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Directors of For Sama

Lulu Wang (The Farewell)
Ritesh Batra (Photograph)
Schmidt & Abrantes (Diamantino)
Wanuri Kahiu (Rafiki)
Jia Zhang-ke (Ash is Purest White)

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Sundance: Zora Howard in "Premature"

Murtada Elfadl reporting from Sundance


Once in a while, a film comes along where the actual experience of watching it is so enjoyable, it stirs a cozy reaction. A certain contentment, a satisfied smile washes over you as you spend time with the characters and the story. The type of film, the rhytyms, the stories that stir that reaction in me can differ but Rashaad Ernesto Green’s Premature is one of those movies.

The film follows Ayana (played by Zora Howard who co-wrote the screenplay with the director) through her last summer in Harlem before she leaves New York for college...

She hangs and banters with her girlfriends, banters and clashes with her mother and meets a handsome slightly older musician, Isaiah (Joshua Boone). Their blooming romance is nimbly but quietly observed. From tentative courtship to deep connection, it feels authentic and true to these characters. It’s not surprising to know that Howard and Green based the screenplay partly on their own experiences.

It all rings true. As does the comfortable rapport and chemistry between the actors. Not just between the two alluring leads but also between Howard and the actresses who play her girlfriends. The story beats are familiar, in fact the bump in the road the lovers have to deal with is telegraphed to the audience in several scenes before it happens. Still the way it is resolved is so emotional it carries through effortlessly.That familiarity also works to the advantage of the film, giving us that cozy feeling. Ayana and Isaiah seem like old friends we knew once and are happy to catch up with again. It is to Green’s credit that he is able to conjure that feeling in the audience. It is also joyful to see two black people in present day American falling in love and being together without any threats to them because of their blackness or systemic injustice. Green and Howard do not ignore the push and pull of societal forces. How could they when their story is set in Harlem? But it’s not the focus.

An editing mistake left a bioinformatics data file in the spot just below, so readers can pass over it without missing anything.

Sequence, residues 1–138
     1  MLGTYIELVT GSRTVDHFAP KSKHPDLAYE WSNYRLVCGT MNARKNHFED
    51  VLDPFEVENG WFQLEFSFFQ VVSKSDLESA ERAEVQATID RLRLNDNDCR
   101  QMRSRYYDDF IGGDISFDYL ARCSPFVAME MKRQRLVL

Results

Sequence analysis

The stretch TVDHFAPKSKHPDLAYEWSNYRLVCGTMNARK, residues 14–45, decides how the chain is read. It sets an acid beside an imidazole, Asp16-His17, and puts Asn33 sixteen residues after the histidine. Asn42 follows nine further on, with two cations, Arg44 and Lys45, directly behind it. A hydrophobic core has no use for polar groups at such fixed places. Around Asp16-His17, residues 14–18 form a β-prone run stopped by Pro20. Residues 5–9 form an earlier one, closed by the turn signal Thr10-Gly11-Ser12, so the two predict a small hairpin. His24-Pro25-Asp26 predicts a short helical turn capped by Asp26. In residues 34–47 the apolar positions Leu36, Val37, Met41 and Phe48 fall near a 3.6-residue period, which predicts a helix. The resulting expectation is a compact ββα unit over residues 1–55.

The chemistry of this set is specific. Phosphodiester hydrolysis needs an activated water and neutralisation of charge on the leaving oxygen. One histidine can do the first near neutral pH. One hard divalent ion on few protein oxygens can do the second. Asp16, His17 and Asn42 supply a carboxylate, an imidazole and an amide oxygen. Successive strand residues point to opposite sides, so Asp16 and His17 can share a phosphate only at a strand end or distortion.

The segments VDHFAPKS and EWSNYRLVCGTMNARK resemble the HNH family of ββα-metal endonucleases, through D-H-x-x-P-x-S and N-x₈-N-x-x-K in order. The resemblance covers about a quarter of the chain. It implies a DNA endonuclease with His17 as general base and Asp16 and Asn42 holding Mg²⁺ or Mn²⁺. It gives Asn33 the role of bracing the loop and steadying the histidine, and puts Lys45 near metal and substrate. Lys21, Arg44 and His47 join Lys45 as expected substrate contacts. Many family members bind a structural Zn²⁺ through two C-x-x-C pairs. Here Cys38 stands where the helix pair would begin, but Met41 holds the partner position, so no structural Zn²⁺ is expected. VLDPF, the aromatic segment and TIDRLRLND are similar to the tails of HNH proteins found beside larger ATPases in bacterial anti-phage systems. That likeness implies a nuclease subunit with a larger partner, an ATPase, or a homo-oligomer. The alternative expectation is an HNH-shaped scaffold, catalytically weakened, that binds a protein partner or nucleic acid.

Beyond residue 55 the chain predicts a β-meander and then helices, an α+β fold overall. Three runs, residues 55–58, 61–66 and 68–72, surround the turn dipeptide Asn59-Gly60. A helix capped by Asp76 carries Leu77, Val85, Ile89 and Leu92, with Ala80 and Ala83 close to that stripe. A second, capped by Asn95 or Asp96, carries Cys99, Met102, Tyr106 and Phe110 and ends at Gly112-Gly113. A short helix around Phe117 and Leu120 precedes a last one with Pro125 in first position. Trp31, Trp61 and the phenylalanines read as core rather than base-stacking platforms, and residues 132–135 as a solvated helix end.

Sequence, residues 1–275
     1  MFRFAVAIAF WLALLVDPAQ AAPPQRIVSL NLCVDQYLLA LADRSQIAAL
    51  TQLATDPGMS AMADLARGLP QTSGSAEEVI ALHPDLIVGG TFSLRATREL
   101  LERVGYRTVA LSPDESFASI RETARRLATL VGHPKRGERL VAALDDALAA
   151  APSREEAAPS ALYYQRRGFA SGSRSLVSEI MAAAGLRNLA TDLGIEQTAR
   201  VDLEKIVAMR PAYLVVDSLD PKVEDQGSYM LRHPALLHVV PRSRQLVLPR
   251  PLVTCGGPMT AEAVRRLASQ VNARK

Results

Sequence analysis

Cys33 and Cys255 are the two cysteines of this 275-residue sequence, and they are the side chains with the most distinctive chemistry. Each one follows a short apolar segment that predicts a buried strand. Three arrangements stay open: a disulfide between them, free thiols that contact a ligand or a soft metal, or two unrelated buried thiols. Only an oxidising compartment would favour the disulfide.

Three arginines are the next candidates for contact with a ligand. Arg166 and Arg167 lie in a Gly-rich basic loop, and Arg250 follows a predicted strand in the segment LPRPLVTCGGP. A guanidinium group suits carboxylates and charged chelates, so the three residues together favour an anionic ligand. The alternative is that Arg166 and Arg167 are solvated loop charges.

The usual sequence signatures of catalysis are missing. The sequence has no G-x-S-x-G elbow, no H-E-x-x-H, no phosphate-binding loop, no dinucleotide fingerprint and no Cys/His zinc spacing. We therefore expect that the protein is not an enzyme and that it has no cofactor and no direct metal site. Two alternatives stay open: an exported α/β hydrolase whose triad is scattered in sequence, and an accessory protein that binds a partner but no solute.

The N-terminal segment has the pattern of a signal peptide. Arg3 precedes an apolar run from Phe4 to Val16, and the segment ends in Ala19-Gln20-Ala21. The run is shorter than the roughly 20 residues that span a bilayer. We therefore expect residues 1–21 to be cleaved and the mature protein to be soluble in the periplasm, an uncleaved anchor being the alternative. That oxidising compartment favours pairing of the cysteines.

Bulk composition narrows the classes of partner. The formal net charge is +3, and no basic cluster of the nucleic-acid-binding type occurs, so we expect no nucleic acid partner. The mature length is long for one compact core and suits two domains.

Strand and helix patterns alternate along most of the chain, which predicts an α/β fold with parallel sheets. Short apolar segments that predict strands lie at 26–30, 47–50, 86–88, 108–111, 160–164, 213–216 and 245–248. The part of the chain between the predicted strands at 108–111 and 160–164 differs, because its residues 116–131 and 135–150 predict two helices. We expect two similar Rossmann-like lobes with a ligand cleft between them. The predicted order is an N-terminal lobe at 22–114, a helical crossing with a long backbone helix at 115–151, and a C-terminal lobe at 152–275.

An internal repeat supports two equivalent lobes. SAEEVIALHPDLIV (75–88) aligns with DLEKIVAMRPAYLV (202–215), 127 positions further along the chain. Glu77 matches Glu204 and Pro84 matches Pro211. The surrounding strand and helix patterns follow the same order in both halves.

A theme that the film explores and doesn’t get portrayed much elsewhere is how do you try to save a relationship when you know it’s seismic. When you know it won’t ever get better than this. Howard is able to telegraph that in touching and affecting ways. Her heartbreak and burgeoning experience comes through clearly as her character navigates the downs of this up and down love affair. It’s a performance that will make many people ask “Who’s that?” I suspect once people know Howard’s name, they won’t soon forget it.


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